Setting up advanced searches

This post by Sam Hand follows on from her post on Social Media Monitoring – Part One.

Our client informed us that there was a new objective for social media monitoring. They were getting involved in a global event and wanted to be able to monitor:

  • when specific people or organisations mentioned the event or a related keyword, and
  • when anyone else mentioned the same specific people or organisation, together with the same set of related keyword

We had around six weeks to work out the following things:

  • how to set up these more complex searches in Raven Tools
  • how we could filter and find mentions by specific people
  • how to prove that it worked

How do you test?

Our first challenge was ‘how do you test that the searches will work?’ We only had one search working so far and that was a very simple one. We wanted to test and check that:

  • posts by a specified author were shown in our Raven reports
  • keywords were returned in the search results
  • it’s possible to combine keywords to form a search phrase in Raven

Once we’d figured that out, we’d need to test whether Raven could report on the two things combined: posts by specific authors… containing specific keywords!

The problem is you can’t force someone who you want to track, to post something. And you have no idea when that someone might post. So just how were we going to test on such a tight set of criteria?

We decided that the best, and perhaps most obvious, way to get round this would be to create a test Facebook page and a test Twitter account. We could then decide on some search terms, create a few searches and then post and tweet away.

I’d spotted that Raven allows you to enter an author into the advanced settings within a search, and I hoped this would make finding posts etc really easy. Unfortunately I quickly discovered that you could only set up one unique search term, even if the authors were different. This meant putting the author’s name into the search itself.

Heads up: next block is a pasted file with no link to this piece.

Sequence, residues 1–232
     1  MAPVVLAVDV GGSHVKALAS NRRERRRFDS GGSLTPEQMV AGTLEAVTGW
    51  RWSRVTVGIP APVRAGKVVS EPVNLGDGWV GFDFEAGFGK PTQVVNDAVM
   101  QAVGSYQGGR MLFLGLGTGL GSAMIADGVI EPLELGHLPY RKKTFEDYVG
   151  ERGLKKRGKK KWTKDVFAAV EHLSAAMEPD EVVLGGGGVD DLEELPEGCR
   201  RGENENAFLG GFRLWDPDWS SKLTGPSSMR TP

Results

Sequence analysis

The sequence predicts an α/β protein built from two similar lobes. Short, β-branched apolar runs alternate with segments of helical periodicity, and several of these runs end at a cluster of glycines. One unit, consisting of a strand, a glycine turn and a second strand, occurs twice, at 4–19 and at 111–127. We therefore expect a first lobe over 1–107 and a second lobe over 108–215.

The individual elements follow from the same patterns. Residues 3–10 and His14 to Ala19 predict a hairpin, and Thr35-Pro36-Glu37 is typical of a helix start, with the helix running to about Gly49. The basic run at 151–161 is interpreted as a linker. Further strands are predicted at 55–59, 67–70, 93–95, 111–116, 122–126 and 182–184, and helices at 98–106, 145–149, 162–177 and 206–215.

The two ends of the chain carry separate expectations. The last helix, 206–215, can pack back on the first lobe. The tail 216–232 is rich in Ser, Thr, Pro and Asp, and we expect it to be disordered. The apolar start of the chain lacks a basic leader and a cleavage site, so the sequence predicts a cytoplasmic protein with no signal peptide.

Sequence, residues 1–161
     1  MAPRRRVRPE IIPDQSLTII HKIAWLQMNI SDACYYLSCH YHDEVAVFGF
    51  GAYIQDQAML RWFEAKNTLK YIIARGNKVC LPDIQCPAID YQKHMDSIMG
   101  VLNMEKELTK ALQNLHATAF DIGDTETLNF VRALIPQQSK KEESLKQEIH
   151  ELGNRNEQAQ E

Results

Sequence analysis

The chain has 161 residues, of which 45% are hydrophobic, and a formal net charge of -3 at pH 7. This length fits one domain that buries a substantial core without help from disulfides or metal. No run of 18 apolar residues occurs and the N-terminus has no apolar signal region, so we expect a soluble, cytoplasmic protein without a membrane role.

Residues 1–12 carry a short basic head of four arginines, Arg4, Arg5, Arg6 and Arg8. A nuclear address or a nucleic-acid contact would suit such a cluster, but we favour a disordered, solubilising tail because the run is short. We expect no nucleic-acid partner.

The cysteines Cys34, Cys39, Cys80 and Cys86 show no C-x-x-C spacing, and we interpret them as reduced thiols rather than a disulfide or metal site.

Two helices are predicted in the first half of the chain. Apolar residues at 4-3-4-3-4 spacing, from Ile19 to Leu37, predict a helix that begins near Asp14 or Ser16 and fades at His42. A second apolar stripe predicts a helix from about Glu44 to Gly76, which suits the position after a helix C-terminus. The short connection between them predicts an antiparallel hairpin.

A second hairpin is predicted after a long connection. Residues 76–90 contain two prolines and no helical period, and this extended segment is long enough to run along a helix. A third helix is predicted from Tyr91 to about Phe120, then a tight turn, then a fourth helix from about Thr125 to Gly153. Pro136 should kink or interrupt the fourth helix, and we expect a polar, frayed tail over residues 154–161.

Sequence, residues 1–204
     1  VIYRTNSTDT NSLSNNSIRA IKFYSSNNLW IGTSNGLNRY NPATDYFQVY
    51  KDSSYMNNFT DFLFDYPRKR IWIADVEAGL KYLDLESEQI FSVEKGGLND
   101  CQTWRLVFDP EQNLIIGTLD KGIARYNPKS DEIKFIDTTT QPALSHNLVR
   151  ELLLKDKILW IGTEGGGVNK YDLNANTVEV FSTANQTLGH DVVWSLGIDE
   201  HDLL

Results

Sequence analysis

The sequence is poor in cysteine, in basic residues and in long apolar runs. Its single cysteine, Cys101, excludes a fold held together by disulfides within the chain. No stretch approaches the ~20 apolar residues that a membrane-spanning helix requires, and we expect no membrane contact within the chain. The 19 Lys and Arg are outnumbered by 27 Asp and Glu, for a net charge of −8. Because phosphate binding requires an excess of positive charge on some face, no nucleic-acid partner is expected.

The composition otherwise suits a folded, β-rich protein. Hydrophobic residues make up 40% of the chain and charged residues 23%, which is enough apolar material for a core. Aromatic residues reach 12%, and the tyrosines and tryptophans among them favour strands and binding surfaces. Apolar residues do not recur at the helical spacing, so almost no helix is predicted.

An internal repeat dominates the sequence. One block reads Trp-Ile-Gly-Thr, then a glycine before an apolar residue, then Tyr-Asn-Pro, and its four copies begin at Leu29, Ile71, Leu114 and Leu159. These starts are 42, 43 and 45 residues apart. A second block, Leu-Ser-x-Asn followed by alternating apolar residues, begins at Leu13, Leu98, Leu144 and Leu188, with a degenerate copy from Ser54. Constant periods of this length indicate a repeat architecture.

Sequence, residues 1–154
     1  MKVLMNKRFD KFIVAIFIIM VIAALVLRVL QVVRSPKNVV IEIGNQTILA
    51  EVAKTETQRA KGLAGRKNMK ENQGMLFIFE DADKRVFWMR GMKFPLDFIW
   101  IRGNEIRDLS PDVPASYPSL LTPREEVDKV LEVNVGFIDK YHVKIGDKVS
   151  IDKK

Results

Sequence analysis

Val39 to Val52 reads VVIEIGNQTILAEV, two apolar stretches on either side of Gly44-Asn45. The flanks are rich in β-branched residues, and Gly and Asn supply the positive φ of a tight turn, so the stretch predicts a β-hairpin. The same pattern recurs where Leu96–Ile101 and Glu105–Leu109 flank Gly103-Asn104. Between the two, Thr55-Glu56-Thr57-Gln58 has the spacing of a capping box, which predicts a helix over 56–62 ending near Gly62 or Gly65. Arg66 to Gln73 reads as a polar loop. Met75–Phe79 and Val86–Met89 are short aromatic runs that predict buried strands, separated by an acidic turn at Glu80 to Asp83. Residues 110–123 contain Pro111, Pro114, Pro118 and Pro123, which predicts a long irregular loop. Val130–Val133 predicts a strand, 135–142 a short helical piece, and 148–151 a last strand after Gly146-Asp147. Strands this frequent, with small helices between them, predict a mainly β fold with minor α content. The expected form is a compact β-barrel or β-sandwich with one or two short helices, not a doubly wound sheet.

In Raven, a search term can have multiple ANDs and ORs, although AND is implied by a space. We set up our search in the following format, but tested all permutations of the keywords and author:

Author keyword OR keyword (e.g CicadaTesting sausages OR marmalade)

A search in Raven can also include phrases and these can be set up using “.” – e.g “coffee and doughnuts.”

Setting up a test Facebook account for our Raven searches

Some of the searches we set up worked within minutes and others never returned any data. But what we quickly noticed was that, although Tweets came through most of the time, NONE of our Facebook posts ever made it into Raven.

We spent some time trying to find out why this was. Social Mention was useful here as it produced results straight away when we did a simple search with it (Raven can take a bit of time for data to get pulled through).

None of the posts came through in Social Mention either, so I checked on the post privacy – all were set as Global. I did a search directly in Facebook, nothing returned.  The Facebook API was found and a search done there, still nothing so I asked Raven who were unable to see either so I am still none the wiser as to why these posts never displayed.

Creating searches in Raven Tools

After testing for around a week we decided that we should just go for it and create the actual searches and see how we got on. We were delighted to see that some, not all, searches were pulling results and that the results were sensible.

When I contacted Raven about the Facebook issue we ended up looking at some of the searches that were not pulling results.

Initially it looked like I might have set up the search term incorrectly. In the end though it seemed that Raven’s search function sometimes gets confused about what you are asking and just changing the structure of the search can help. For example, using ” ” around a term that you want search for as a whole, including the author along with the key words, can be helpful.

End result: happy client

In the end most of our search terms pulled results and provided plenty of information for our client, leaving them lots to look through after the event.

Although Raven worked it would be interesting to see how other tools compare and, next time we get a social monitor project, I hope to get the chance to trial a few others.